November 7, 1903
In its latest weekly bulletin the Chicago Health Department calls attention to the exaggerated statements that are sometimes made in regard to the prevalence of consumption, quoting one authority whose estimate would require 35 per cent increase over the figures shown in the last U.S. Census reports, notwithstanding the fact that there has been a steady decrease all these years in the mortality from phthisis. This is only one instance of the exaggeration in which good men allow themselves occasionally to indulge when speaking of a subject in which they are strongly interested. Consumption is a scourge, but it does not follow that its evils should be overstated. A review of the consumption mortality in Chicago during the last half of the nineteenth century shows a decrease of over 40 per cent in the ratio of mortality, at the same time that there is a 53 per cent increase in the mortality from pneumonia since the beginning of the last decade of the nineteenth century. During the past few years the pneumonia mortality—though its excess is largely confined to about seven months of the year—has annually exceeded the total of deaths from consumption and there is a continued increase percentage of deaths from this cause. We can not credit the whole of this, as THE JOURNAL has long ago pointed out, to influenzal infection which has been rampant during the past ten or eleven years. We have other problems, therefore, beside that of consumption and which at present seem even more serious.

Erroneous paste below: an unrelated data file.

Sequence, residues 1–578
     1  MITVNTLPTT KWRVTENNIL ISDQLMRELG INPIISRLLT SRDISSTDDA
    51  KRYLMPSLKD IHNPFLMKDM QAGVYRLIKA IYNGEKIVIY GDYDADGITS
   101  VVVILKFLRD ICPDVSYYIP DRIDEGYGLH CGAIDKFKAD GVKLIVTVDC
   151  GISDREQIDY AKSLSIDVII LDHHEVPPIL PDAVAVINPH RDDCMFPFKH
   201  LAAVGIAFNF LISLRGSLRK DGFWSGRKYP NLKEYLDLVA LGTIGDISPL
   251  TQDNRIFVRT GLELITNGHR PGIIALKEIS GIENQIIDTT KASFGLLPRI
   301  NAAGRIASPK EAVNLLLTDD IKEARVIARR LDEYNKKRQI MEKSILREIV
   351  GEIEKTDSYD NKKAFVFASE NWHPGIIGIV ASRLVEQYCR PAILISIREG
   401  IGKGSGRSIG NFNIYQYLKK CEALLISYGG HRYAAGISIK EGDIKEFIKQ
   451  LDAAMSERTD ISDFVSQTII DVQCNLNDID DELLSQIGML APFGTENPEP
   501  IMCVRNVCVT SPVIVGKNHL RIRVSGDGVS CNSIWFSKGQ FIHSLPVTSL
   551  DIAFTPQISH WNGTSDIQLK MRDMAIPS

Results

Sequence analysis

CONSUMPTION NOT THE ONLY PROBLEM. JAMA. 2003;290(17):2340. doi:10.1001/jama.290.17.2340-a
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